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I am going through 'Concrete Mathematics' by Knuth et al. There is a question that asks one to find the closed form for a recurrence relation defined as follows:

$$ Q_{0} = \alpha; \\ Q_{1} = \beta; \\ Q_{n} = \frac{1+Q_{n-1}}{Q_{n-2}}, n > 1 $$

We are told to assume that $\forall n \geq 0, Q_{n} \neq 0$. We are also provided with a hint, saying that $Q_{4} = \frac{1+\alpha}{\beta}$.

This is my question: How do the authors get that value for $Q_{4}$? I've tried multiple times to obtain that result, but I end up with $Q_{4} = \frac{\alpha + \alpha\beta + \beta + 1}{\beta(\beta + 1)}$, since $Q_{2} = \frac{1+\beta}{\alpha}$ and $Q_{3} = \frac{1 + \alpha + \beta}{\beta}$.

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    $\begingroup$ Can you factorise $\alpha+\alpha\beta+\beta+1$? $\endgroup$
    – David
    Feb 13 '19 at 4:15
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    $\begingroup$ your $Q_4 = \frac{(1+\alpha)(1+\beta)}{\beta(1+\beta)}$ $\endgroup$
    – Will Jagy
    Feb 13 '19 at 4:15
  • $\begingroup$ Ah, of course. Thank you, it's been a while since I've done some math. $\endgroup$ Feb 13 '19 at 4:52
  • $\begingroup$ @WillJagy. How to prove that this is cyclic ? $\endgroup$ Feb 13 '19 at 5:57
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    $\begingroup$ @ClaudeLeibovici, you can prove it by induction on n. This will require 5 different cases. When n is 0 mod 5, 1 mod 5, 2 mod 5, 3 mod 5, and 4 mod 5. However, these cases are all extremely similar. $\endgroup$ Feb 17 '19 at 18:46
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In order to get a closed-form from a recurrence relation, you usually start by writing out the first few values until you think you see the closed-form pattern that obtains, and then you try to prove that this form is correct using a proof by induction. In this particular case the sequence is periodic, so the inductive step merely involves verifying the transitions through each of the periodic outcomes.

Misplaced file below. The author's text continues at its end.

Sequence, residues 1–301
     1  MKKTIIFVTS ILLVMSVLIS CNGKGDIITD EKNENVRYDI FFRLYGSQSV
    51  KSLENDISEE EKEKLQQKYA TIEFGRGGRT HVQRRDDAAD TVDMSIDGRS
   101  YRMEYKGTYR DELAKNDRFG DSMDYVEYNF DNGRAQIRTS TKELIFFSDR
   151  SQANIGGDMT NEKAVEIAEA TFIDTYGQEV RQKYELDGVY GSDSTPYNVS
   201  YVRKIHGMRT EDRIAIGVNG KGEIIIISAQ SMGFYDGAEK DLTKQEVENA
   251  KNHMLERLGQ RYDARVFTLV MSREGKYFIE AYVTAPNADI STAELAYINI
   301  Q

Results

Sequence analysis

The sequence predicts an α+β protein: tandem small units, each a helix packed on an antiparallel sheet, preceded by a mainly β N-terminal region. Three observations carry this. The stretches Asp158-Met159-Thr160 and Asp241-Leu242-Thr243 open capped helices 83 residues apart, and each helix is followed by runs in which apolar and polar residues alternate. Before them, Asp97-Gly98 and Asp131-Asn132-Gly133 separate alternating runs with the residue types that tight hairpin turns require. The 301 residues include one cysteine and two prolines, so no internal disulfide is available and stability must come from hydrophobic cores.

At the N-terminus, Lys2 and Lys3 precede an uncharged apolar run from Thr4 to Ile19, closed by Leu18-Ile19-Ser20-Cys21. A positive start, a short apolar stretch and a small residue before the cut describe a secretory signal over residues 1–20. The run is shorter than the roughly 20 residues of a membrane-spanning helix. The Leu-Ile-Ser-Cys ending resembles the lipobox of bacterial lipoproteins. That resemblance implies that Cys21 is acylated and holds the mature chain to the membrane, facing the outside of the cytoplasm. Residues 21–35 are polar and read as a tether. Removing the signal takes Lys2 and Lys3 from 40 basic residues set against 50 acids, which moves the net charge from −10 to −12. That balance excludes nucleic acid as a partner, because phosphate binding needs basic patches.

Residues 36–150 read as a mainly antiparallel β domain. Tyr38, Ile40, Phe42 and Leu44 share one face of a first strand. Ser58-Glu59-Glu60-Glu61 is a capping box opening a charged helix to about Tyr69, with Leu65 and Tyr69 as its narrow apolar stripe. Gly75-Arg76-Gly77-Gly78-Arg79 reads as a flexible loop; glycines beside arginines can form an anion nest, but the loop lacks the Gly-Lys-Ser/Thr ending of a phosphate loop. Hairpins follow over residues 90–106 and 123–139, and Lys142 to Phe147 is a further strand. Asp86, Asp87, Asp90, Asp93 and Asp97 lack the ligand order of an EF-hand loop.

Finding the periodic values: We have:

$$\begin{equation} \begin{aligned} Q_0 &= \alpha \\[12pt] Q_1 &= \beta \\[10pt] Q_2 &= \frac{1+\beta}{\alpha} \\[6pt] Q_3 &= \frac{1+\alpha+\beta}{\alpha \beta} \\[6pt] Q_4 &= \frac{1+\alpha}{\beta}\\[6pt] Q_5 &= \alpha \\[12pt] Q_6 &= \beta \\[12pt] &\text{ } \text{ } \vdots \\[6pt] \end{aligned} \end{equation}$$

We can see that $(Q_5, Q_6) = (Q_0, Q_1)$ and so we are back to the starting values of the series. Since this is a second-order recursion, the series must repeat these values over and over again. Hence, this is a periodic series with a period of five outcome, and the closed form for the series is:

$$Q_k = \begin{cases} \alpha & & \text{for } k \text{ mod } 5 = 0, \\[6pt] \beta & & \text{for } k \text{ mod } 5 = 1, \\[6pt] (1+\beta)/\alpha & & \text{for } k \text{ mod } 5 = 2, \\[6pt] (1+\alpha+\beta)/\alpha \beta & & \text{for } k \text{ mod } 5 = 3, \\[6pt] (1+\alpha)/\beta & & \text{for } k \text{ mod } 5 = 4. \\[6pt] \end{cases}$$

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  • $\begingroup$ Thanks for your answer, but you're answering a question that was not asked. $\endgroup$ Feb 17 '19 at 18:47
  • $\begingroup$ Sorry, misread what you were after. $\endgroup$
    – Ben
    Feb 17 '19 at 21:49

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